Facebook will stop recommending militant or political groups to its users, a measure already taken a few months ago in the United States to reduce electoral tensions.
The social network, which played an important role in the Arab Spring ten years ago, now wants to reinvent its image by moving away from the controversies and political scandals that have marked its daily life since the election of Donald Trump and Brexit in 2016.
We have stopped recommending militant or political groups in the United States as the elections approached, and now we intend to extend this rule to everyone, said Mark Zuckerberg during the presentation of the quarterly results of the social media giant. His goal is to calm things down and discourage divisive conversations.
In a previously issued statement, he said he was excited to design in 2021 ways to create economic opportunity, build communities and help people have fun.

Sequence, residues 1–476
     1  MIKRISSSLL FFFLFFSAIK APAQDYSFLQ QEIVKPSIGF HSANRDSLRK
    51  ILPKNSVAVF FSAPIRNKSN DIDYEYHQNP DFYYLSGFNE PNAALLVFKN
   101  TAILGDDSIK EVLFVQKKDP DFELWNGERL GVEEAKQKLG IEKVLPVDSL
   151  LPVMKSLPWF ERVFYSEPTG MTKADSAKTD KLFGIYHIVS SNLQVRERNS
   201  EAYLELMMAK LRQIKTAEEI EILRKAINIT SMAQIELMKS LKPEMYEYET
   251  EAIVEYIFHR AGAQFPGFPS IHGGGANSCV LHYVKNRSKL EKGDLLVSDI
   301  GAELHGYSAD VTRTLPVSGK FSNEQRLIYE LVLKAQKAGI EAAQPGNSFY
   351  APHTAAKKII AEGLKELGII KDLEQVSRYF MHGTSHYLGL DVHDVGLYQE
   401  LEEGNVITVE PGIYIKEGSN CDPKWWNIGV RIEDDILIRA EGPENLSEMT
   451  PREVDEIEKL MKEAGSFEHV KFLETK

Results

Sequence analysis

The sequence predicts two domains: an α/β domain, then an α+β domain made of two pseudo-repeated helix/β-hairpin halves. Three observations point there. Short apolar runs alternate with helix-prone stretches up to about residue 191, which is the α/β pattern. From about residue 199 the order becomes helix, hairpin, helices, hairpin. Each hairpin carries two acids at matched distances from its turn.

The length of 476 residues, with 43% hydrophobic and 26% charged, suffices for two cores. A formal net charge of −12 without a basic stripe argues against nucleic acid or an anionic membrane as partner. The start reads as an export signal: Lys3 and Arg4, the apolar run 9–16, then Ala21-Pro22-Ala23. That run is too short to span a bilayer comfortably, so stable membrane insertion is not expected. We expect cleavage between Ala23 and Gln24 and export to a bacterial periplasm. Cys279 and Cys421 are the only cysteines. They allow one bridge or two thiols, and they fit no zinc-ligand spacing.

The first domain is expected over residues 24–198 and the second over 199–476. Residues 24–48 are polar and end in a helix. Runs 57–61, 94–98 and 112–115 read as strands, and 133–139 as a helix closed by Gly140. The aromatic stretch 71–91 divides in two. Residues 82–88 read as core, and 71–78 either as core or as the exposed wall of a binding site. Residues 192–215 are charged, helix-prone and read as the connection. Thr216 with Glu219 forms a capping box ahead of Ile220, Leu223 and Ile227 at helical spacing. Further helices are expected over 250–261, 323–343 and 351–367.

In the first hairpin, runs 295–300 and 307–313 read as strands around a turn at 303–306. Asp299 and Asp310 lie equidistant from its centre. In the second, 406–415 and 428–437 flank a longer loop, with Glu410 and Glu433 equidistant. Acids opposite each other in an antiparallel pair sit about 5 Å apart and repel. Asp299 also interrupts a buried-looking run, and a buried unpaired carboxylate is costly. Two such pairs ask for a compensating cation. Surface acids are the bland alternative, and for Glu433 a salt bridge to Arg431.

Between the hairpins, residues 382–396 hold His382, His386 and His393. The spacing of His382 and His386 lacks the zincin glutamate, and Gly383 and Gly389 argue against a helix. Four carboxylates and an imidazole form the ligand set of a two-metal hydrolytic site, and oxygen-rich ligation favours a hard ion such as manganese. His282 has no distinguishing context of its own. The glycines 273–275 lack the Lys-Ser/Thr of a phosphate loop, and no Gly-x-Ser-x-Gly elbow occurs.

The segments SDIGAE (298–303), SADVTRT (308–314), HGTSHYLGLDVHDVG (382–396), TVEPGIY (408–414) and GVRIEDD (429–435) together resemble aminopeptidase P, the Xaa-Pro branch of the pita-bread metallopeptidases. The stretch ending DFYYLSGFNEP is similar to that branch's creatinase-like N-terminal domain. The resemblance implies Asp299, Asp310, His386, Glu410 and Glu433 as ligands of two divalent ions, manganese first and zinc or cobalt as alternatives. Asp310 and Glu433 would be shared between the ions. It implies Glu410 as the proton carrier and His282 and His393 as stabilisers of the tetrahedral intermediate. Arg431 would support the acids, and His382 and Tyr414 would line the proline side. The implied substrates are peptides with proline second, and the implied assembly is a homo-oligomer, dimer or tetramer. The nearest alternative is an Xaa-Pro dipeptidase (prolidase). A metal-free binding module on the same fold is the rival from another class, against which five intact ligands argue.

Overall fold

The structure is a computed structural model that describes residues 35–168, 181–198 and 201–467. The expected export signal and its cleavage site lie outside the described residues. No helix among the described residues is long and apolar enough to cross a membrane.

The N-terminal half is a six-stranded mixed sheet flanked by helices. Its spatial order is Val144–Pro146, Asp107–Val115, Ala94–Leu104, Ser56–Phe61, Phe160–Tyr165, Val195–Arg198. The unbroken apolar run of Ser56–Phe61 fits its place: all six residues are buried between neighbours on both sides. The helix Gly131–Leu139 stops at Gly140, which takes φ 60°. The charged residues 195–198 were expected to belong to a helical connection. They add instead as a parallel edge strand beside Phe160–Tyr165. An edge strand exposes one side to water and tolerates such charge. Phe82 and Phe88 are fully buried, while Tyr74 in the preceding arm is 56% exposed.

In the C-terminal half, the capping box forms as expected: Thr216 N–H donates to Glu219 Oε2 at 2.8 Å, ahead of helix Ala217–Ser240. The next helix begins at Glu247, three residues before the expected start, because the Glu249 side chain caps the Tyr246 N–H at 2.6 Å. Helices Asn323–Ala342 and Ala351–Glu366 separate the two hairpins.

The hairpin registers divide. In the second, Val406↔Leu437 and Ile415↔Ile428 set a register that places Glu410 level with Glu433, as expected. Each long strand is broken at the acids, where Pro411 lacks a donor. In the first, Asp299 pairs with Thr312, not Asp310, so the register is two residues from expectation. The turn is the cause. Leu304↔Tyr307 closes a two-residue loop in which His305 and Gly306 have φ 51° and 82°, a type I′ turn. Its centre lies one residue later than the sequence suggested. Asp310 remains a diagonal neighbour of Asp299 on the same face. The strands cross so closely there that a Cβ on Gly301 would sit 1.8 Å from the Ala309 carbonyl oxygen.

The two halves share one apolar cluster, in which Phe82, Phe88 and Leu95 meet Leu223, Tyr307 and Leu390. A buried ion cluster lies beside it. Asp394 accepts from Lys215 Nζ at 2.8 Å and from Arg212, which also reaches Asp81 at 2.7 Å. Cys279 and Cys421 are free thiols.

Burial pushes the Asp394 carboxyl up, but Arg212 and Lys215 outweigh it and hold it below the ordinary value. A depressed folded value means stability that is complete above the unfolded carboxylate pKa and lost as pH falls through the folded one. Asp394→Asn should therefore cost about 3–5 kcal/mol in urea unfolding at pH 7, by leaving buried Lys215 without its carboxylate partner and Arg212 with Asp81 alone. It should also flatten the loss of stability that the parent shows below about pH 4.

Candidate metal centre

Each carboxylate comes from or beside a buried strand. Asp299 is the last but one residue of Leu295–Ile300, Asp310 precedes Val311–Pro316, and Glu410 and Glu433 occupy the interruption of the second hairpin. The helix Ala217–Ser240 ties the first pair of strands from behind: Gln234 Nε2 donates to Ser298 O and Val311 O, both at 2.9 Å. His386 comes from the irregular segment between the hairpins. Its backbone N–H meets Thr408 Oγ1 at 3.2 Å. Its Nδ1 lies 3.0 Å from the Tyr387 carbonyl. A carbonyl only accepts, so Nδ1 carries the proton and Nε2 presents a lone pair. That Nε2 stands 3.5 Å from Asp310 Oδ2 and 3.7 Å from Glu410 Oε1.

The Californian group achieved almost 86,000 million dollars in sales during the year and generated more than 29,000 million in profits, 58% more despite the pandemic, a boycott of brands last summer, and significant tensions with civil society, officials elected, and authorities.
Facebook has dealt with all this by multiplying measures to better moderate content and curb misinformation, without succeeding in satisfying many anti-racist organizations or those dedicated to the defense of rights and freedoms in general.
In September, we announced that we had withdrawn more than a million groups in one year Zuckerberg recalled. But there are also a lot of groups that we don’t want to encourage people to join even if they don’t break our rules.
The founder of the social network added that his teams are also looking for ways to reduce the visibility of political content on the user’s wall. Of course, it will always be possible to participate in discussions and political groups for whoever wants it said the billionaire.
One of the main comments from our community right now is that people don’t want politics and discussions to take precedence over the rest when they use our services, he concluded.